A transgender woman is suing Idaho in federal court for refusing to change the gender listed on her birth certificate.

Most states allow people to change their birth certificate to reflect their gender identity rather than the gender they were assigned at birth. Only Idaho, Kansas, Ohio and Tennessee have policies or laws prohibiting such changes.

In the lawsuit, the 28-year-old identified only with the initials F.V. says she has been living as a woman since she was 15. She lives in Hawaii now but was born in Boise, and so asked the Idaho Bureau of Vital Records and Health Statistics in March to change the gender listed on her birth certificate.

Idaho officials refused. In the lawsuit filed Tuesday, the woman contends that Idaho's policy serves no valid purpose, subjects her to discrimination and burdens her right to define and reflect her gender identity.

"A woman has the right to be treated as a woman, rather than a man, by her government; and the fact that she is a woman who is transgender does not change that right," her attorneys with the law firm Lambda Legal wrote in the lawsuit. The Los Angeles-based law firm focuses on civil rights issues affecting people in the LGBTQ community.

Idaho has not yet filed a response to the lawsuit; the Idaho Attorney General's office has declined to comment on the case because it is pending litigation.

States typically decide how to handle the birth certificates of those born within their borders, and policies vary across the nation.

Many states, such as Colorado and Alabama, require proof of sex reassignment surgery before the change can be made. But other states, like California, require only an affidavit stating that "clinically appropriate treatment" for gender transition has been provided to the applicant.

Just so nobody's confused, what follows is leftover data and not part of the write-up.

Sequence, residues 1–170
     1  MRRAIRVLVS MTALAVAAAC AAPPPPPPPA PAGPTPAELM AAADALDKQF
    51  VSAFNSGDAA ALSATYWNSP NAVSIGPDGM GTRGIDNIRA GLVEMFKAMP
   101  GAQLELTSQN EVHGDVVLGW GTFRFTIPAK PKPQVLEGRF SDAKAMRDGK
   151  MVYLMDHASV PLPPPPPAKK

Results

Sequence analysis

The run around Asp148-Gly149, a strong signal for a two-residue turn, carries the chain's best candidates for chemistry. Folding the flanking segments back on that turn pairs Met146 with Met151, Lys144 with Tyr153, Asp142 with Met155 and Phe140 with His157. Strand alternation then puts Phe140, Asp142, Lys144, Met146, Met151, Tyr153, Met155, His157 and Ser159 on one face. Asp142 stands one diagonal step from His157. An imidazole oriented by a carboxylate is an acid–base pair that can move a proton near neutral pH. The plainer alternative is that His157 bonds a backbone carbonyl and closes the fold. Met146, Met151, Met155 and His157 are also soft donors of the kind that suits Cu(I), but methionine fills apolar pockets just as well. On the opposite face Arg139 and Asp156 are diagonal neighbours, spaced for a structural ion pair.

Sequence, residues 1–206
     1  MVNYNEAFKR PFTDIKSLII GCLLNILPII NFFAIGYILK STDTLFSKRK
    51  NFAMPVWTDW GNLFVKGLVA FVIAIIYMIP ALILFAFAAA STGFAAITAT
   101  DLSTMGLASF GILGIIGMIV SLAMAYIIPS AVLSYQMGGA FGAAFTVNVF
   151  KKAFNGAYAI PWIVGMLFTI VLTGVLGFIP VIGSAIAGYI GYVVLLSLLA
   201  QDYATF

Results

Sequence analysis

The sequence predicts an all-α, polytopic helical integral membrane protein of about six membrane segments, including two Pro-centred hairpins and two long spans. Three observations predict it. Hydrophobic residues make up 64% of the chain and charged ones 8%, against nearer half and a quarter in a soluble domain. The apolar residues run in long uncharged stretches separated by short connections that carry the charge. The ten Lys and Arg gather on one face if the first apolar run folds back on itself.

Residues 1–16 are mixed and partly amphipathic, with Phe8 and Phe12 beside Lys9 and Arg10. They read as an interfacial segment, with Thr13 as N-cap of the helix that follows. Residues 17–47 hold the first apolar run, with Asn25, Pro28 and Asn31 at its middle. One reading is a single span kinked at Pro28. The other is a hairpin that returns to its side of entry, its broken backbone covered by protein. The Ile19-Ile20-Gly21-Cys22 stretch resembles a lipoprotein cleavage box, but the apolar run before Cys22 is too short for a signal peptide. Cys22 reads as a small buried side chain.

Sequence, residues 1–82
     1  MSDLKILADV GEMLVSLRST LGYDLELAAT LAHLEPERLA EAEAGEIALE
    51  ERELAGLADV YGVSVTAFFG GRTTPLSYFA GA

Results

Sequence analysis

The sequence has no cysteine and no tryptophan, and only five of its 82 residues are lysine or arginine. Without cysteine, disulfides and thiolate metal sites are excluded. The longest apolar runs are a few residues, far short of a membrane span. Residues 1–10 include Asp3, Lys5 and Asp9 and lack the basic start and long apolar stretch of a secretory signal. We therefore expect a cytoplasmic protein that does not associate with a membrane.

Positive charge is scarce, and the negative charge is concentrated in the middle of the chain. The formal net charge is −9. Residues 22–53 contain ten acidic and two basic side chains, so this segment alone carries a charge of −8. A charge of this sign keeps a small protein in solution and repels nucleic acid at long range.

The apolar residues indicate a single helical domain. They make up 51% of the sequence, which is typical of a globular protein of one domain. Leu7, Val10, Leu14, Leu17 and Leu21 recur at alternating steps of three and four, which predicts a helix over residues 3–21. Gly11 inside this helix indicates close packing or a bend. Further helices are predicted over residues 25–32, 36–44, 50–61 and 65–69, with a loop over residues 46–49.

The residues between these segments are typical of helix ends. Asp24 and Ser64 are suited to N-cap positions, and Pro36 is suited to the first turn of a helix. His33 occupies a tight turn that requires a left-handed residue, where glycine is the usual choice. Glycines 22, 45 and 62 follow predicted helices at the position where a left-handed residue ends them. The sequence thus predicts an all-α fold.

That's an important legal distinction, because not all transgender people have access to or the desire to undergo sex reassignment surgery or hormone treatment. Some transgender people may choose to transition socially — presenting themselves in a way that is consistent with their gender identities — without using medical procedures to masculinize or feminize their bodies.

Only a few states, like Arizona, appear to have laws stating how birth certificates can be changed in other situations that can affect a person's gender, such as being born with additional sex chromosomes.

Many states require birth certificates to show that the gender assigned at birth or a person's legal name has been changed. That can also result in "outing" or revealing transgender status against a persons will, F.V. notes in the lawsuit. She is asking a judge to order the state to allow people to change the gender listed on their birth certificates without including historical information that would reasonably disclose their transgender status.

According to the lawsuit, F.V. has already faced discrimination for possessing a birth certificate that doesn't reflect her gender identity. She was subjected to hostility at a Social Security office, according to the lawsuit.

"After seeing her birth certificate, staff at the office referred to her as a 'tranny,' a derogatory term that disclosed F.V.'s transgender status to others in the waiting area," her attorneys wrote in the lawsuit, noting that someone called F.V. another derogatory term as she was leaving the office.

Another time, before she changed the gender on her driver's license, she presented it to a cashier at a store. A man who saw the cashier's reaction then followed her and made sexual comments as she was leaving the parking lot at night, causing her to fear for her safety, she said in the lawsuit.

Idaho does allow individuals to change the gender listed for their license plates, an inconsistency that F.V.'s attorneys noted in the lawsuit.

"There is no compelling, important, or even legitimate interest in the government causing transgender individuals to involuntarily disclose their transgender status any time third parties see their birth certificate," the attorneys wrote.

Lambda Legal attorney Kara Ingelhart is working with Renn on the case, as is Boise attorney Monica Cockerille.